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You Can’t Make Unhappy People Happy

No matter what they bring in, toxic high performers still hurt your business.

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Do you have anyone in your organization who always sees the downside of every conversation or never seems happy no matter what? Do you see a lot of potential in these people and try in vain to change your organization to make them happy? I have some bad news. Unhappy people are unhappy and unlikely to become happy because of anything you’re doing.

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According to Yuval Noah Harari’s book, Sapiens: A Brief History of Humankind, we all have a setpoint similar to the HVAC settings in our homes. When we experience euphoria or despair, it’s always relative to our own setpoint, and any short-term exhilaration will ultimately glide back to our natural equilibrium. (Harari says it’s a function of Serotonin levels, which is why antidepressants like Zoloft, etc. are Serotonin boosters.) In other words, while that quick pay raise you gave your unhappy, low-setpoint employee, may have spiked his level for a few days to within range of a normal happy person’s setpoint, he’s heading back down to his lower setting sooner or later.

What’s the solution? Someone famously asked the CEO of Southwest Airlines how they get their people to smile all the time. “We just hire people who smile all the time,” he replied. Sounds easy enough, right? Not so much. We’ve all had toxic high performers come through our doors who are amazing programmers, installers, or salespeople. We’re willing to overlook their low setpoint because their skills trump their core-values fit in the moment. That’s the same moment where your company culture takes a hit. When we make short-term decisions and let unhappy people in the door, we justify it to ourselves. Maybe their last job made them unhappy? Our culture will brighten them right up! If you’re listening, the low-setpoint candidate will tell you everything you need to know during the interview if you can resist the urge to overlook the red flags.

Low-setpoint people tend to externalize their problems. If there’s an issue, the low-setpoint candidate will likely frame the conversation around someone else falling short. An easy screening question here is, “Tell me about the last time you were treated unfairly.” Open-ended questions like these can cut right through the noise if we can just sit there and shut up.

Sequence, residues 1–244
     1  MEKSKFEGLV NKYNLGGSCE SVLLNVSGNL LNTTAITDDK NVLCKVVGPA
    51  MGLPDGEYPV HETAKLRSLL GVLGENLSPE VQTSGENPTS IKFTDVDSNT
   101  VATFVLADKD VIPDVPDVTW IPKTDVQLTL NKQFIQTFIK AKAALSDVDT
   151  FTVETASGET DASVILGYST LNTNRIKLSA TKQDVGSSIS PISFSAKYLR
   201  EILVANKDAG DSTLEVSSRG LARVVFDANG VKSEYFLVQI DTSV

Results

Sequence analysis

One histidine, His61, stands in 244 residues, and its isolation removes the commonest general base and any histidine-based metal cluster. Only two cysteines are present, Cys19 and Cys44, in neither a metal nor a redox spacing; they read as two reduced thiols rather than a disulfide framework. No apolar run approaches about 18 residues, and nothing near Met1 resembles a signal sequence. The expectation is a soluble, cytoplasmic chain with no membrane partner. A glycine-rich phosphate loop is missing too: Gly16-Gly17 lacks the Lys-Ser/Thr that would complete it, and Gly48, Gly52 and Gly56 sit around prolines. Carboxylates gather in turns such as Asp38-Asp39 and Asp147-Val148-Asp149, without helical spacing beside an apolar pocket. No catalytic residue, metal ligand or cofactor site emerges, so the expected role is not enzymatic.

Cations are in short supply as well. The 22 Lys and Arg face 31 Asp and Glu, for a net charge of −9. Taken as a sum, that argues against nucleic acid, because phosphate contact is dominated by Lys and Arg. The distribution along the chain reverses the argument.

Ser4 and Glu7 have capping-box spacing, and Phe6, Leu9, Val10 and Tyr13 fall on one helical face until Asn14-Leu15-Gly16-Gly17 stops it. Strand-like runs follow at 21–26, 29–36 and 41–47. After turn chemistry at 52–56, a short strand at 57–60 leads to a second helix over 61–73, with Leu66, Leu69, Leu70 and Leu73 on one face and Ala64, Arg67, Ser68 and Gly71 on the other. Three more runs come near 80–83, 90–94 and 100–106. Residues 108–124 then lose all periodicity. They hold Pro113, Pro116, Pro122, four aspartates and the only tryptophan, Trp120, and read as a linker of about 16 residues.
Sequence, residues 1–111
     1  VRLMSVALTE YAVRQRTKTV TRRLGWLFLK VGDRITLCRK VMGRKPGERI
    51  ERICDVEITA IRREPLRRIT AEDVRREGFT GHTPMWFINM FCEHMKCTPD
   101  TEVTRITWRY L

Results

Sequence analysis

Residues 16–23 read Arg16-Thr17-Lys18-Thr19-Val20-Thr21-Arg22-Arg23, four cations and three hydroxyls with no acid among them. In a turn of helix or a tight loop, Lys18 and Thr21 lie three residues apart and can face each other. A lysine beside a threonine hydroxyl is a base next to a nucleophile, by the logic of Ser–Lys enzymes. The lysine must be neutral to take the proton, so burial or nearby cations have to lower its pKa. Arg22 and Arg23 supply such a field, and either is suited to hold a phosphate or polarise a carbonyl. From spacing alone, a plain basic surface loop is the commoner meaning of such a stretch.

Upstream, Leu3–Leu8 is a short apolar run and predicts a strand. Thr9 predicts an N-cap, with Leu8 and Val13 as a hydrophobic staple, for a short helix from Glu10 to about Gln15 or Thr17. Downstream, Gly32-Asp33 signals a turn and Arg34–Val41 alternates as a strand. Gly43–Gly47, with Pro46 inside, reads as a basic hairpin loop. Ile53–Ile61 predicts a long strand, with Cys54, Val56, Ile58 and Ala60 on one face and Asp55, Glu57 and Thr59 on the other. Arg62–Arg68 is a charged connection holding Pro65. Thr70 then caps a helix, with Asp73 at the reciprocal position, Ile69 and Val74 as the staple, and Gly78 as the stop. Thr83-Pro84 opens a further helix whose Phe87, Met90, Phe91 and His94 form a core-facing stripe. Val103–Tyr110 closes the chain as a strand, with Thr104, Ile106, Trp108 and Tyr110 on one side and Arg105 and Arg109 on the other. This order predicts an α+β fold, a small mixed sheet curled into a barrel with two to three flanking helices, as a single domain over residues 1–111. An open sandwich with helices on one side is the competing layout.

At this point, I’m guessing you might be thinking of your last low-setpoint hire or your unhappiest employee. I’m also guessing you’re reluctant to fire them because they’re a high performer and you worry about what might happen to the business if they leave. What will happen to your business if you allow them to stay?

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Since we can’t make unhappy people happy, consider making your company a beacon for happy people. Happy employees make happy customers. Round and round we go. By focusing on things within your control like building a strong culture and not hiring unhappy employees to begin with, you’ll start to transform your business into a happy-person magnet. Happy people will make your life as an owner much easier — they don’t need micromanagement, they come up with zany ways to enliven your office culture, and they’re fun to be around. Do you like being around unhappy people? I didn’t think so. I’m sure there are jobs out there suited for unhappy people, but I don’t know of any within the CI world.

I also want to be clear that I’m all for unhappy people doing whatever it takes to help them develop the tools to help them cope with their issues. There are a ton of mental health resources and medications out there that can help take a low-setpoint personality and adjust it up. I speak from experience. I’m a low-setpoint person addicted to endurance running, which injects a ton of setpoint-raising neurotransmitters into my bloodstream on a daily basis. Being unhappy isn’t the crime. Not doing something about it and infecting others with your unhappiness certainly is.

What are you doing to protect your house from unhappy people?

Stay frosty, and see you in the field.